Letter Perfect

Last week, I counted 52. Tomorrow, it could be over 60.  In the back of a well-worn notebook, I keep track of the different names I hear for S&OP.  Company after company feels that they need a UNIQUE name for S&OP.

Letter perfect means correct to the last detail. I believe that the term S&OP is letter perfect. The practices are imperfect. The embellishment of the standard S&OP acronym is a current fad. The list of names–SIOP, DDS&OP, DDBS, IDDSP, IBM, and IBP –goes on and on.  The danger is that as we rename and embellish S&OP initiatives, we lose the essence and the meaning of this important process. The real issue is that due to bad practices, and the lack of understanding, the term S&OP has become tainted.  The letters, when understood stand strong on their own:

-S: The S in S&OP is about selling strategies and market drivers.  Effective processes focus on go-to-market strategies. It is often confused to be about sales.  What is the difference?  Let’s contrast the difference it through a case study:

In 2006, Del Monte transitioned from asking sales what they were going to sell to focus on market drivers.  They stopped their process of collecting sales data at the item level through laborious spreadsheets to focus on sensing demand, understanding market drivers and using the information to shape how they go to market.  The new process focuses on shopper insights:  who is buying what, where they are buying and why they are buying.  It focuses on how to best shape demand in these sectors (the right combination of assortment, price, promotion, trade deals, and sales incentives) to drive profitable demand.  Del Monte found that the right data to collect from sales is clarity on the market drivers: the number of new accounts taking new products, competitive activity in the market, success on past promotions, and retail channel insights.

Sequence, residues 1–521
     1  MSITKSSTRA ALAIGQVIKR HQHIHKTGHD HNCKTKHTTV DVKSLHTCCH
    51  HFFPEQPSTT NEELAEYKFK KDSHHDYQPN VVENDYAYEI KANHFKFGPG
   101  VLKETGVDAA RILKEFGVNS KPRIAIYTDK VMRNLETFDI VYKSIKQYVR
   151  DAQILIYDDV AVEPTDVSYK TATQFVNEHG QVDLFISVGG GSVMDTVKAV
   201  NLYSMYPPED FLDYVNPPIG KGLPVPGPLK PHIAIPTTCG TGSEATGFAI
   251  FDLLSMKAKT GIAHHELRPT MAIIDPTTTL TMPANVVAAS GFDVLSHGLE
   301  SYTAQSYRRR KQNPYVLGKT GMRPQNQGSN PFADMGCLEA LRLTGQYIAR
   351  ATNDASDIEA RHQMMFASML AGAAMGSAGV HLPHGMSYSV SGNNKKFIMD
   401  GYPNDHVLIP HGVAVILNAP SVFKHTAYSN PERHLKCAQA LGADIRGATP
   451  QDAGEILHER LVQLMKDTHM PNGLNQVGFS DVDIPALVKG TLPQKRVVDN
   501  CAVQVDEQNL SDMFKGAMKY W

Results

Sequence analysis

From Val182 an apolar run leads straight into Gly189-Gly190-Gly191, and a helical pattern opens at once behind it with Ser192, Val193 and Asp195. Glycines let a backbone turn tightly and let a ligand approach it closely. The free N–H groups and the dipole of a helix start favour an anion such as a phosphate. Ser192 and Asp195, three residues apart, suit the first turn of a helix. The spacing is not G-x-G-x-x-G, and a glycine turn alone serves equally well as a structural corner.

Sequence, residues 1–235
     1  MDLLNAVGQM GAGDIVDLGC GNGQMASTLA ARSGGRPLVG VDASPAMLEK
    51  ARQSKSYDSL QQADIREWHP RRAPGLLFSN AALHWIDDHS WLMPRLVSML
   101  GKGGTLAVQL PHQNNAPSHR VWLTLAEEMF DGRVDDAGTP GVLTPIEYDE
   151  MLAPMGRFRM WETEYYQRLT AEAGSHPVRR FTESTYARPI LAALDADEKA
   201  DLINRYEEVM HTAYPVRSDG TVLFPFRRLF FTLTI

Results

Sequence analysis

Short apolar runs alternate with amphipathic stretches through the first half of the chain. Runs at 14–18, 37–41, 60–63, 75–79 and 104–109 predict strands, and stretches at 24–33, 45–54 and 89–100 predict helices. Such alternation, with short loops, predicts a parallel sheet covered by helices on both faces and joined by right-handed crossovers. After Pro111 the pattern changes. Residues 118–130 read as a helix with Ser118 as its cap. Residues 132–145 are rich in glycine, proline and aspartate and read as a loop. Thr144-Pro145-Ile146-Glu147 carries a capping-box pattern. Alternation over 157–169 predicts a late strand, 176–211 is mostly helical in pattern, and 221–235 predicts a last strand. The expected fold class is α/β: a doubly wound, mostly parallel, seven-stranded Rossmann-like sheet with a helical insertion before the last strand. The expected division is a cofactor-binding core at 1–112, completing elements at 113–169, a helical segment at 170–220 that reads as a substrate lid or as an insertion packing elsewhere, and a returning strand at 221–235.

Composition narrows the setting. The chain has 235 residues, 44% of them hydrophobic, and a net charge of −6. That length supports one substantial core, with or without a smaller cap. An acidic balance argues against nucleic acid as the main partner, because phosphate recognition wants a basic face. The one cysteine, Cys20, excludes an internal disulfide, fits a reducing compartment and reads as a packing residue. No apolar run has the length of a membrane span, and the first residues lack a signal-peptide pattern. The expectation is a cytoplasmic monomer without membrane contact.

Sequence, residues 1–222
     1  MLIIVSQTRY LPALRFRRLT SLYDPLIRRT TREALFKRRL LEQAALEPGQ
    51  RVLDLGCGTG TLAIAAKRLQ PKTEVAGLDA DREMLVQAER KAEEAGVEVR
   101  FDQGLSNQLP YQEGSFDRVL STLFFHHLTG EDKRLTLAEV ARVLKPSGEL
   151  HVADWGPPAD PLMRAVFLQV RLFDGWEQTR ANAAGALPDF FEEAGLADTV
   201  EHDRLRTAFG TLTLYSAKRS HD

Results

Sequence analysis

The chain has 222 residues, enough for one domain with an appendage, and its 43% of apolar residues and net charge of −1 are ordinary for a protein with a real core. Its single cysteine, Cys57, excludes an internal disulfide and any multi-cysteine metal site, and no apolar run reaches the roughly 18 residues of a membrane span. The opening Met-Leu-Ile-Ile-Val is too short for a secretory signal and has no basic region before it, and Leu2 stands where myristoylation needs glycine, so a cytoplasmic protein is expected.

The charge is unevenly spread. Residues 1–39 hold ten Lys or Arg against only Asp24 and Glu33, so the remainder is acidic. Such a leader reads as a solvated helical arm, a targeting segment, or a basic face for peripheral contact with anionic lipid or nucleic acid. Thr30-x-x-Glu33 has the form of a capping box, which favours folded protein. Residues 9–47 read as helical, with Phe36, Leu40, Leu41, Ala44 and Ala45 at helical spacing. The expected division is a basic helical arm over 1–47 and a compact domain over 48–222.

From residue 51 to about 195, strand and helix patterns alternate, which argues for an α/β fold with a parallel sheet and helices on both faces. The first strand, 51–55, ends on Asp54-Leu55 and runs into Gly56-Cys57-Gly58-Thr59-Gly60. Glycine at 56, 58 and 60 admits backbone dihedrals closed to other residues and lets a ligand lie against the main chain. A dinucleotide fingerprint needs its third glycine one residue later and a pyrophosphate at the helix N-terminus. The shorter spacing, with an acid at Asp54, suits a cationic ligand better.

Contrast this type of approach—a focus on market drivers—by a company like Del Monte to a focus on sales—what does sales forecast that they are going to sell—by Campbell’s Soup.  In  figure 1, the stock price of the two companies is contrasted through the recent recession.  While I cannot attribute all of the difference to S&OP, it was a contributing factor.

Figure 1:  Stock performance of Del Monte (red) and Campbell Soup (blue) against the Dow (brown)

-&: And, what?  The and in the S&OP process represents the cross-functional coordination/alignment required to meet the strategic goal of the process. For example, if the goal is to be demand-driven, the focus is on outside-in market sensing. The demand plan is an input into the financial plan and the organization is tasked with determining:

  • The best working capital plan:  determining the right form and function of inventory versus constraining inventory or focusing on just inventory levels
  • Trade-offs: The alignment of the value chain to balance growth initiatives with the trade-offs between sustainability, corporate social responsibility, tax efficiency, speed to market, and costs.
  • Network design:  Based on demand and supply variability, and market conditions, what is the best network design to minimize risks and maximize the market opportunities?

At Cisco, the supply chain organization is called the Customer Value Chain Management organization (CVCM) for a reason.  The company runs a risk management engine of 4300 inputs with over 1000 simulations by 10 planners a months.  Intel calculates the effective frontier between service and costs. Del Monte runs weekly Monte Carlo simulation models to translate demand volatility to orchestrate demand horizontally (promotions and pricing moves are based on the simulation of market demand with commodity market fluctuations.)

To do this, companies need to start with the goal in mind, and work backwards.  A starting point is determining how many supply chains you have, the goal of each supply chain against the corporate strategy, the trade-offs for each to make these goals, and how to mitigate the supply chain risks.

-OP: OP is about operations. It is not just about the factory or the enterprise.  It is about the network: making the right trade-offs in the network across the processes of deliver, make, and source.   When done right, S&OP planning is also tied to execution.  For example, at a recent WAM Systems conference, Celanese spoke on the translation of trade-offs in S&OP to optimize the manufacturing rhythm wheel (product sequencing) for each of their plants.

A common mistake made in S&OP is to focus only on operations.  Companies that have fallen in this trap feel the greatest need to embellish.

Yes, here we have it.  S&OP:  Letter perfect.  Practice imperfect.

As we see at Cisco and Del Monte, what a difference a few changes can make in improving performance.

This week, I am in New York at the Consumer Goods Technology (CGT) conference and then off to UConnect to moderate a panel on why standards matter.

I look forward to networking with you in my travels.